Whether you are new to
Cloud or have existing workloads already deployed it never harms to review
Security – an area that evolves constantly as the threats around us change.
Due to the recent
Global Pandemic the Threat Landscape has increased with more opportunities for “bad actors” to attack systems. With staff working from home the attack surface opportunity has increased. Isolated decision making is also coming in to play with the detachment of “working from home” reflecting in risky decisions which the average cyber-threat actor is just waiting for!
The following areas outline Security areas to focus on while organizations are at their most vulnerable.
Let’s begin by looking
at who is responsible for what in Cloud Infrastructure:
Cloud Provider and
Customer Security Responsibilities
Cloud Providers such as AWS and Microsoft are responsible for Facilities, Physical Hardware Security Virtualization and Network Infrastructure.
Custom Security Responsibilities include:
- OS and Patching
- Firewall Rules
- Network zones
- Application Stacks
- Applications and Code
One word of advice is to ensure that your systems are architected in accordance with the Cloud Providers framework – I have seen many instances where infrastructure has been set up incorrectly in the first place and facilitated security breeches.
Vulnerability Scanning and Compliance
Environments should be monitored for vulnerabilities
on an ongoing basis. A vulnerability scan detects and classifies system
weaknesses and predicts the effectiveness of counter measures.
It’s key to know how to interpret the results
and prepare for the Vulnerability Scan so you can get the most out of the reports.
The demand for Vulnerability Scanning is
growing and reports are often requested as part of compliance when dealing with
larger clients (suppliers are often asked to confirm if they complete scans of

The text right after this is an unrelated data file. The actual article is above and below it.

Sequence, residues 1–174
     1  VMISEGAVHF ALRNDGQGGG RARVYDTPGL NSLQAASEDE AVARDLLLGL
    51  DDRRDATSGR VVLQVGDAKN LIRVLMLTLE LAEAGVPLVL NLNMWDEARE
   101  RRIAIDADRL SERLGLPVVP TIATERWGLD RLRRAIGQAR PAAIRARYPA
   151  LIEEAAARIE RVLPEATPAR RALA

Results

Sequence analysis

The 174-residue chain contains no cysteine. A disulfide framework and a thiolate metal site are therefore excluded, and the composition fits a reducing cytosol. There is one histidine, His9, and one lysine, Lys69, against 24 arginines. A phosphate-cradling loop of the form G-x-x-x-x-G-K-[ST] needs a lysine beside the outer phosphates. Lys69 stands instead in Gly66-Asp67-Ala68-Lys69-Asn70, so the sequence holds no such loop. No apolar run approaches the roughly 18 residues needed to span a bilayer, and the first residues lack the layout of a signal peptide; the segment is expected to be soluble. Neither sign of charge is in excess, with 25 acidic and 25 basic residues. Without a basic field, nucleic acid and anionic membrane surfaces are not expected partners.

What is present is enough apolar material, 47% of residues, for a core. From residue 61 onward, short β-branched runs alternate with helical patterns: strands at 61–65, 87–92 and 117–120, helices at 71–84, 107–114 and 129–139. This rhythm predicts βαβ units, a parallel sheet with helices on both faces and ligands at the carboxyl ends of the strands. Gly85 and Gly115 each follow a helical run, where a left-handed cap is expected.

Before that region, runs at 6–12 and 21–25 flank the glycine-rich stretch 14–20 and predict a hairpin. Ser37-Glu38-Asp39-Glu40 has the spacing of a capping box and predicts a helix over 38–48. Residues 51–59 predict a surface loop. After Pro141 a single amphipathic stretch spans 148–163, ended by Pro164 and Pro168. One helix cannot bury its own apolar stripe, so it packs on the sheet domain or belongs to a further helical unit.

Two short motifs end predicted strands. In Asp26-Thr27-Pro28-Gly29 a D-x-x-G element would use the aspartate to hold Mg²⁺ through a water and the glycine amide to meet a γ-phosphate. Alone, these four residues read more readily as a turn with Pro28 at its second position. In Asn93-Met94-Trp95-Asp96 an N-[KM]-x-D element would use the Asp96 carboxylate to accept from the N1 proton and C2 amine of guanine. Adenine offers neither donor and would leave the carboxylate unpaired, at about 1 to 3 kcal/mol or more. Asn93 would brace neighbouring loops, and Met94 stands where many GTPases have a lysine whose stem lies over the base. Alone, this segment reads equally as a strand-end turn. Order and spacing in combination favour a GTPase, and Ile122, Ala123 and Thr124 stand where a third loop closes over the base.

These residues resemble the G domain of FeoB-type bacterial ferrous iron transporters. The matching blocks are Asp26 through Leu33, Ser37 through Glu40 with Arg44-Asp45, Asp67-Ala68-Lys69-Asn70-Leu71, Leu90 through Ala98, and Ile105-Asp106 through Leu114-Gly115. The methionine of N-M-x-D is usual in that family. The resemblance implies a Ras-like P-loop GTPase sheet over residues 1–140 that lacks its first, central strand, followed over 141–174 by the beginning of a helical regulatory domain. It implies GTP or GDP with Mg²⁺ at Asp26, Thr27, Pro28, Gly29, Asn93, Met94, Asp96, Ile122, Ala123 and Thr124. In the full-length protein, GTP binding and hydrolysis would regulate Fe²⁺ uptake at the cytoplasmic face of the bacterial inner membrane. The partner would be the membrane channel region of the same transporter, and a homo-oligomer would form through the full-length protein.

Compliance scans can also assess adherence to a
specific compliance framework. e.g. PCI
Network and Firewall Security
A key area where staff are working from home – to avoid unauthorized
access to your systems/ computers being compromised. Consider the following:
- Firewall – blocks or allows network traffic based on type, IP, Port
- Packet Filtering / Inspection – stop traffic based on content of
- Deep packet Inspection firewalls – examines packet data and can look at
application layer attacks
- Network zone design e.g. private, public, IP whitelisting
Perimeter Security can be strengthened by introducing next generation firewall
with sophisticated rule-based access controls and reporting as well as strictly
adhering to client access via encrypted tunnels (VPN)
Geo based protection and content filtering – this can be provided for
Content Delivery Networks (CDN) where specific (or all) content can be restricted
(included or excluded) based on a list of countries.
Threat detection and mitigation (IDS / IPS) – services and tools are
available that will detect potential security threats in (near) real time.
These threats, once identified, can be reported upon in a timely manner and potentially
DNS Routing – In order to protect your online presence from DNS attacks
it is critical that you have a trusted DNS service that is reliable, highly